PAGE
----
This new generation of activists' most pernicious enemy is denial. The people in charge — complacent politicians and corporation heads who grossly benefit from maintaining the status quo — are buffered from real-life consequences of climate change. But millions of people don't share that privilege. For them, climate change isn't an abstract concept, but a daily state of emergency, whether it comes in the form of "prolonged drought in sub-Saharan Africa…devastating tropical storms sweeping across Southeast Asia, the Caribbean and the Pacific…[or] heatwaves and wildfires," as Amnesty International reportsare all too real problems people are facing on a regular basis.

RELATED: Greta Thunberg urges people to turn to nature to combat climate change

Keep Reading Show less
The Planet

Millions of people in over 150 countries across the globe marched for lawmakers and corporations to take action to help stop climate change on Friday, September 20.

The Climate Strikes were organized by children around the world as an extension of the of the "Fridays for Future" campaign. Students have been walking out of classrooms on Fridays to speak out about political inaction surrounding the climate crisis.

"We need to act right now to stop burning fossil fuels and ensure a rapid energy revolution with equity, reparations and climate justice at its heart," organizers say.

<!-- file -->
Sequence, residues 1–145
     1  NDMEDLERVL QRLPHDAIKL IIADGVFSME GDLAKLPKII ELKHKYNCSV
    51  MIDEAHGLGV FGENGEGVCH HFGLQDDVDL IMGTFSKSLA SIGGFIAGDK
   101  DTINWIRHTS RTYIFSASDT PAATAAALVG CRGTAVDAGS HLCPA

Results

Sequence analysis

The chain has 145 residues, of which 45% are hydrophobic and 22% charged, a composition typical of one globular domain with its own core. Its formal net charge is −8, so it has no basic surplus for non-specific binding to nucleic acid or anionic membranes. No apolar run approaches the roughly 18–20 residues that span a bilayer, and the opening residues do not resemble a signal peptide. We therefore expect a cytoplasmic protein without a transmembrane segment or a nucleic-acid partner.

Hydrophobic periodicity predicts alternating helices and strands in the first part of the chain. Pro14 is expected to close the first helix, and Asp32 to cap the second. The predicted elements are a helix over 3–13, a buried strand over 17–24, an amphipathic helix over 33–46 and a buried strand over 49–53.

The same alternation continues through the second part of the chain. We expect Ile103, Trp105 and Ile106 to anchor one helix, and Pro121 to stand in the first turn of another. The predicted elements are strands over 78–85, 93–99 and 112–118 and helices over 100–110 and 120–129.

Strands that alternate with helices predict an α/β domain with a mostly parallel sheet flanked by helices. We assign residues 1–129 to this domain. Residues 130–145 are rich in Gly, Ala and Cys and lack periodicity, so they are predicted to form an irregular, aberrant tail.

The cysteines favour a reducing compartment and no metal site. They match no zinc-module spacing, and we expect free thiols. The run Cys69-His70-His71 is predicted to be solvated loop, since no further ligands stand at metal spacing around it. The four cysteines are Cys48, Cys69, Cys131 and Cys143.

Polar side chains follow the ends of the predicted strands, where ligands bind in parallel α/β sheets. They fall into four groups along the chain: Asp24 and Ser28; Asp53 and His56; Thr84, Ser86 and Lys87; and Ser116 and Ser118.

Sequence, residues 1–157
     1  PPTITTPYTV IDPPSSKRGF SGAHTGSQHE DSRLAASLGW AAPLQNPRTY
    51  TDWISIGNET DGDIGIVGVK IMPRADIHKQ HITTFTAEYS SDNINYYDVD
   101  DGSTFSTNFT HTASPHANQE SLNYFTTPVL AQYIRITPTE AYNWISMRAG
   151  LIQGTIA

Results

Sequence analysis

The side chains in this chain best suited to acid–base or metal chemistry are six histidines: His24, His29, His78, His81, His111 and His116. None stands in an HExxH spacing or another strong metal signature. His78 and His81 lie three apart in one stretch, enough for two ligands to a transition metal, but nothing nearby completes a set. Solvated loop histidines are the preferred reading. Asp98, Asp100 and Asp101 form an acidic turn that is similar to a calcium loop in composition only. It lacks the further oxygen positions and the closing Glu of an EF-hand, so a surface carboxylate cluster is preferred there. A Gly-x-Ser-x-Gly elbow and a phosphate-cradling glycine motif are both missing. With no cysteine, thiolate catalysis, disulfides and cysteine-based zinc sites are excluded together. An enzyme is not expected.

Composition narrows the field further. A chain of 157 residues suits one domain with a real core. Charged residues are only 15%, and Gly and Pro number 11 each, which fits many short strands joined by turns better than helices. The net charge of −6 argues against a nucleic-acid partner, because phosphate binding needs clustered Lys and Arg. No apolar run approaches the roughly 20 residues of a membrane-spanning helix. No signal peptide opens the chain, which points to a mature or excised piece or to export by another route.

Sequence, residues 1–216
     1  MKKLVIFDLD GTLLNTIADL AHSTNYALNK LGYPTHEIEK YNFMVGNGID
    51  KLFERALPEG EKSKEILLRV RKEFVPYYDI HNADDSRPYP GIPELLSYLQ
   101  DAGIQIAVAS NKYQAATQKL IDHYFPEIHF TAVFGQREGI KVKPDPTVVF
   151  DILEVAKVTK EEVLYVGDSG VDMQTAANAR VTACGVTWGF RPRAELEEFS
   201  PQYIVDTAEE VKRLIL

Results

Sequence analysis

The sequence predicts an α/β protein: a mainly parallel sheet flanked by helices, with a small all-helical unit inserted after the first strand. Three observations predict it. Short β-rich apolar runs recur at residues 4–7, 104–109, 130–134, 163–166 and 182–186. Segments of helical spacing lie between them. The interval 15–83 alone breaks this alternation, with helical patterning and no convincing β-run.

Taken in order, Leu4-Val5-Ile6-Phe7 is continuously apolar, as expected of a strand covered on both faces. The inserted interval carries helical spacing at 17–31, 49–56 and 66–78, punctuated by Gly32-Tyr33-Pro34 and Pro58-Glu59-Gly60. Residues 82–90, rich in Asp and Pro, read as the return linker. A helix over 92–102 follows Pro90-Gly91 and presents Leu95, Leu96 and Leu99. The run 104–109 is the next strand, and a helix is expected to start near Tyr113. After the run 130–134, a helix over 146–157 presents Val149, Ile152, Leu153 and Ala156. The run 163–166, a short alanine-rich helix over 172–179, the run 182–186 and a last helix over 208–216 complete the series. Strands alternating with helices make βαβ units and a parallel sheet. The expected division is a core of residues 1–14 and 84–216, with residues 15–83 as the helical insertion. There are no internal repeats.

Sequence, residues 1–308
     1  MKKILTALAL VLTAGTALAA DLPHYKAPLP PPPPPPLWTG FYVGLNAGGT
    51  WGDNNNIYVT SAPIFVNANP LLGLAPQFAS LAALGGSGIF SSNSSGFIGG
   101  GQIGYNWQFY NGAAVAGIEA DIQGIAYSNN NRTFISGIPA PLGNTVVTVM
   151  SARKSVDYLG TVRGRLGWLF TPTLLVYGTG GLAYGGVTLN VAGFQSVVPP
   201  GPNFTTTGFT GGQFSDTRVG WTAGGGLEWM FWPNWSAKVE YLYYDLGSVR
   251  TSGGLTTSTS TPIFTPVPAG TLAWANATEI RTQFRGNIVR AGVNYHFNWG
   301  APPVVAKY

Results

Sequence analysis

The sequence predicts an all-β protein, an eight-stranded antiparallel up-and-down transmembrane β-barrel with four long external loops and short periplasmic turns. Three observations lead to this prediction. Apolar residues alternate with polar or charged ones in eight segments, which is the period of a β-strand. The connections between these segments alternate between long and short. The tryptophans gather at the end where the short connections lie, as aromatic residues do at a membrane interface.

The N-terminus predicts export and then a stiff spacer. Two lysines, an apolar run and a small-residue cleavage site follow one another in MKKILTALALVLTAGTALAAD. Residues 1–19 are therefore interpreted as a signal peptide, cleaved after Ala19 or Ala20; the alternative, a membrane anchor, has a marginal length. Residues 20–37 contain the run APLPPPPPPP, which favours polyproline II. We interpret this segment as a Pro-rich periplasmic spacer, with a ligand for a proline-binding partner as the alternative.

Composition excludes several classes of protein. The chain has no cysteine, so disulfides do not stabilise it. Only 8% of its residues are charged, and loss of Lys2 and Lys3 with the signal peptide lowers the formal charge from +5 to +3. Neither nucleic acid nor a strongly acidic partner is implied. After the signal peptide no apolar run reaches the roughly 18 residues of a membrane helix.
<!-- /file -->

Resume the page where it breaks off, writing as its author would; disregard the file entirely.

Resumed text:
There's no doubt the visual images from the marches send a powerful message to those on the ground but especially those watching from around the world. GOOD's own Gabriel Reilich was on the scene for the largest of the Climate Strikes. Here are 18 of the best signs from the Climate Strike march in New York City.

Keep Reading Show less

September 20th marks the beginning of a pivotal push for the future of our planet. The Global Climate Strike will set the stage for the United Nations Climate Action Summit, where more than 60 nations are expected to build upon their commitment to 2015's Paris Agreement for combating climate change.

Millions of people are expected to take part in an estimated 4,000 events across 130 countries.

Keep Reading Show less
The Planet
via Apple

When the iPhone 11 debuted on September 10, it was met with less enthusiasm than the usual iPhone release. A lot of techies are holding off purchasing the latest gadget until Apple releases a phone with 5G technology.

Major US phone carriers have yet to build out the infrastructure necessary to provide a consistent 5G experience, so Apple didn't feel it necessary to integrate the technology into its latest iPhone.

A dramatic new feature on the iPhone 11 Pro is its three camera lenses. The three lenses give users the the original wide, plus ultrawide and telephoto options.

Keep Reading Show less
via I love butter / Flickr

We often dismiss our dreams as nonsensical dispatches from the mind while we're deep asleep. But recent research proves that our dreams can definitely affect our waking lives.

People often dream about their significant others and studies show it actually affects how we behave towads them the next day.

"A lot of people don't pay attention to their dreams and are unaware of the impact they have on their state of mind," said Dylan Selterman, psychology lecturer at the University of Maryland, says according to The Huffington Post. "Now we have evidence that there is this association."

Keep Reading Show less